There is bad art and bad art, and some of it is much worse than others. What makes Tacky Art so bad? It's best explained by what it is not.

For one thing, it is not quite lowbrow art, with its three themes of Religion, Cuteness, and Sin. Neither is it badly executed art, in general: most Tacky artists show at least a workmanlike devotion to their craft, and there are a few real exemplars of great technique among them. It is generally tasteful, if only in the inoffensive manner of soft rock stations and cheap office furniture. Many of the best-known Tacky artists are, well, very well-known artists. So what is it?

What sets Tacky Art from all these is marketing. Tacky Art is a feature of upscale shopping malls, casino gift shops, airport duty-free arcades, and the like, where it's often shown in elegantly lit, darkly plush galleries that breathe Posh. Friendly, attractive, staff will gladly compliment you on making a wonderful choice and talk sagely about the investment value of the lovely "limited edition fine art print with full certificate of authenticity and authorized signature" that you've just selected, and quote examples of how the artist's work has appreciated in price over the last few years. What the hey, they'll even throw in a nice frame. For the armchair shopper's convenience, ads for Tacky Art are found in such places as the Robb Report, nicely illustrated, with taglines "Nagel- Nieman- Erte- Rockwell- Max- Dali- Warhol" right beside the ads for Rolexes and Gulfstream V's. In such company, with such prestigious names on the roster, the prospective buyer feels confident that their purchase is going to be just as well-thought-of.

What they don't tell you is that you've just bought a poster, with a printed-on signature and the resale value of a Tamagotchi, all for $1500 or better. The appreciation of value quoted by the salesperson is based on original works, not prints, and the only thing limited is that particular printing, which can be repeated ad infinitum -- the numbers in the corner of the picture are meaningless. The certificate will tell you as much, somewhere in the fine print right above the fancy gold star sticker on the imitation parchment. And no, you can't return it.

Why do people fall for these scams? Partly because most contemporary art is well, difficult. It gets shown in depressing and/or frightening (either too rich or too poor) parts of town, by people who are even more scary. Instead of the posh atmosphere of the mall, you're confronted with an overlit barn of a place with no place to sit, no complimentary champagne, and no carpeting. Most of the time, there's little to tell you what you're seeing, and most times, the girl behind the desk makes you feel stupid for asking questions. If you aren't used to abstracts, it seems unreal that someone's asking $300 for a small piece of paper with a few random scribbles. If it's representational, it's usually some snidely intellectual progressivist/ deconstructionist comment on America, or something else that seems like a joke on the viewer. At the same time, almost everyone's heard of the stories about nice young couples on vacation in Paris, or some other exotic spot, buying, oh, a cheap little sketch, a child's drawing, almost, for just a few dollars, and finding out later that it's a Blue Period Picasso, and hence worth millions, or some old-money Mr. Gottrox grandly donating his private collection (for an appropriate tax write-off) worth untold amounts of money to a museum, and the prospective art collector begins to think that the only way to go is to buy only trusted, tried-and-true name brands that will only increase in value.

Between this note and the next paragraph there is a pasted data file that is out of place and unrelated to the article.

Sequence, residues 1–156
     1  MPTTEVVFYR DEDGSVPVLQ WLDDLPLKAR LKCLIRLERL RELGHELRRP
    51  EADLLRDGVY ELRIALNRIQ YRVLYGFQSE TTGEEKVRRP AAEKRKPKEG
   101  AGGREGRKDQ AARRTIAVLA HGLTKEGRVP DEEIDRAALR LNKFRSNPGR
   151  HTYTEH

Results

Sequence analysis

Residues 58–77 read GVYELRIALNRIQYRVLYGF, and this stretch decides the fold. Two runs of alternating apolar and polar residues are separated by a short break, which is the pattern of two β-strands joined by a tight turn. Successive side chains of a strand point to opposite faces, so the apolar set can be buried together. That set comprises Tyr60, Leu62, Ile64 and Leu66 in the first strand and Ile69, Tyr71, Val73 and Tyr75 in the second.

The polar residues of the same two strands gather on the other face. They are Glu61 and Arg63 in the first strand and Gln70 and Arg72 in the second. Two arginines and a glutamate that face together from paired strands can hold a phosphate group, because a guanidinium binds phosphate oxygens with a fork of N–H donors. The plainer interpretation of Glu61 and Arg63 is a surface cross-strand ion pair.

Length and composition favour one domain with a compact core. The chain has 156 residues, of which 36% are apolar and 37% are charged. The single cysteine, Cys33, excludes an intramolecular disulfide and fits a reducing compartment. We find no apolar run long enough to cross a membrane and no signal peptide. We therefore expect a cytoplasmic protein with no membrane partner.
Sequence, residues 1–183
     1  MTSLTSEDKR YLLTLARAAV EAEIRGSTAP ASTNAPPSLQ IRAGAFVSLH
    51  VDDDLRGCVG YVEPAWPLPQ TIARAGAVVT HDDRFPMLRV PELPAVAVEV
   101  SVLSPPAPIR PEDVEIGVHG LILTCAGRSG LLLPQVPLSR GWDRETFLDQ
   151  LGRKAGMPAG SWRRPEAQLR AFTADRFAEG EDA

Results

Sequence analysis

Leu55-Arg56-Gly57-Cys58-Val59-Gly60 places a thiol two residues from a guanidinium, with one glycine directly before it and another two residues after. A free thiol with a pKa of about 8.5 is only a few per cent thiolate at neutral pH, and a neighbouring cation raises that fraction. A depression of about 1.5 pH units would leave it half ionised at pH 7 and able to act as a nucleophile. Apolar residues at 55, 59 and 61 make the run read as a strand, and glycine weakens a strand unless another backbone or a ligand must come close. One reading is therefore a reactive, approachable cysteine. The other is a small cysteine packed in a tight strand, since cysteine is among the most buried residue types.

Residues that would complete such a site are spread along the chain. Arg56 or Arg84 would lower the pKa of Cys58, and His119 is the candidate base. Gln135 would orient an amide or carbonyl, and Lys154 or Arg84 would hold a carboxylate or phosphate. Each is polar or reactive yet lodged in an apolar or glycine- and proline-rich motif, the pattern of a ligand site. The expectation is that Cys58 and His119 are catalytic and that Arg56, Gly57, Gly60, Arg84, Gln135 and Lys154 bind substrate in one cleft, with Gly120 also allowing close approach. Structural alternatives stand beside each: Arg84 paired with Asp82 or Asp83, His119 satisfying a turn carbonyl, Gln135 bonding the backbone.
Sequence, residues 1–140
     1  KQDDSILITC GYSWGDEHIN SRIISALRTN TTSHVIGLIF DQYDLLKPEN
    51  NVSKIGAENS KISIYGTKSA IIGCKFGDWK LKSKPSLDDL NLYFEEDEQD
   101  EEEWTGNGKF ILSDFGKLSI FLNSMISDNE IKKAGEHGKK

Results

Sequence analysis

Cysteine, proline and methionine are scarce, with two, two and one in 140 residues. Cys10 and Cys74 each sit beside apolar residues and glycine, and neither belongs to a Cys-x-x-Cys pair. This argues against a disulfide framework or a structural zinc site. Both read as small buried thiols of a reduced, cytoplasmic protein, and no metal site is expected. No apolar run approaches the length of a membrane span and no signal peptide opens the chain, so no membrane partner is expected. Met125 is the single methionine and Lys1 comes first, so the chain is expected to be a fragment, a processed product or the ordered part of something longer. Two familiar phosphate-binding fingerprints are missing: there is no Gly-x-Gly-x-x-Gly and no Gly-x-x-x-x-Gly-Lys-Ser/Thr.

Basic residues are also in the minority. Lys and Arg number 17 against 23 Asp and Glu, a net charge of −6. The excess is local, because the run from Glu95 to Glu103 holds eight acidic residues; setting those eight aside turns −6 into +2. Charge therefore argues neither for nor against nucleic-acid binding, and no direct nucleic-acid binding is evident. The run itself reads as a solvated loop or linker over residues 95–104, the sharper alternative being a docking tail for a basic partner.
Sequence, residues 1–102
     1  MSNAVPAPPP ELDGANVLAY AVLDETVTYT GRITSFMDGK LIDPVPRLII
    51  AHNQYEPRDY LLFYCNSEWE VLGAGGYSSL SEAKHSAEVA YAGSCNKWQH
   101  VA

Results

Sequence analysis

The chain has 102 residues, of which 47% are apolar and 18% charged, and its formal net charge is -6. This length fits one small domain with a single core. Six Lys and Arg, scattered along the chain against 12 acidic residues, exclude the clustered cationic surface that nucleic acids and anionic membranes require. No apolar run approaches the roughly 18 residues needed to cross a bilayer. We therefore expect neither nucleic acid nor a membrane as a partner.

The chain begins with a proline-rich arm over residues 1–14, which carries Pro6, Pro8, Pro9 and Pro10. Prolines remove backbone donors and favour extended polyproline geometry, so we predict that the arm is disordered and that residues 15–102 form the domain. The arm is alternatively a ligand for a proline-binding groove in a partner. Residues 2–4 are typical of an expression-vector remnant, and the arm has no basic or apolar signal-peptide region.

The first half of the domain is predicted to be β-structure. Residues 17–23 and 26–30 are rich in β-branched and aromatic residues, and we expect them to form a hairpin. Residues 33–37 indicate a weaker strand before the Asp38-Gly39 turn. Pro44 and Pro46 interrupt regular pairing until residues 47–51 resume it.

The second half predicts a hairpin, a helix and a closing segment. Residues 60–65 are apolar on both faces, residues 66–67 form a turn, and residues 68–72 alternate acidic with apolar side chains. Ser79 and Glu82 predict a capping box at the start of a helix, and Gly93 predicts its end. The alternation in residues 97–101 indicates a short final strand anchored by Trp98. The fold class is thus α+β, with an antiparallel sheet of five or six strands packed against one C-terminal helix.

Buying an actual painting by, say, an Impressionist, is way outside their price range, and getting an Impressionist-style original oil painting means that you're buying art by someone that you (and casual guests of yours) has never heard of before, which doesn't exactly give you the same bragging rights as say, a "Thomas Kinkade", even if the only connection to the artist is a licencing deal. Saying you've gotten a painting by Foonly sounds like an invitation for someone to say "Who's Foonly?" or "Ah, yes, Foonly. Quite under par, Foonly is. You were really taken on that. Hardly better than finger painting, you'll never make a penny on him."

Dig it. Only one artwork out of a hundred contemporary works will ever appreciate in value during the lifetime of their first owners...as a matter of fact, most artworks depreciate in value 50% the second they're taken out of the gallery. Does this sound like a scam? Only if you're seeking to invest in art, not collect it. And it's a lot less of a scam than the poster racket, where you'll most likely lose all of your money if you get tired of your Nieman, and want a Warhol instead. So, don't think of value-as-status when you think of buying art.

Instead, think of intimacy, localization. Chances are, if you buy the work of a local artist, you can get to meet them, and hear from the source what this painting (print, drawing, etc.) means to them. Contemporary local art is like local produce, as opposed to Tacky Art's commercialization: you aren't getting stale canned art that everyone has, you're getting something fresh and unique. What the heck, you might even become friends with that artist. Then, instead of "Who's Foonly?" you can reply "George. George Foonly. And you should see what he's working on now." And to the wannabee snob, you can say, "Hey, I think George might want to hear that -- he's always interested in comments. He's right over there. And that landscape, buddy, is our house, and it's worth a mint to me." And then you can gloat.

Which, when you think of it, is what it's all about.

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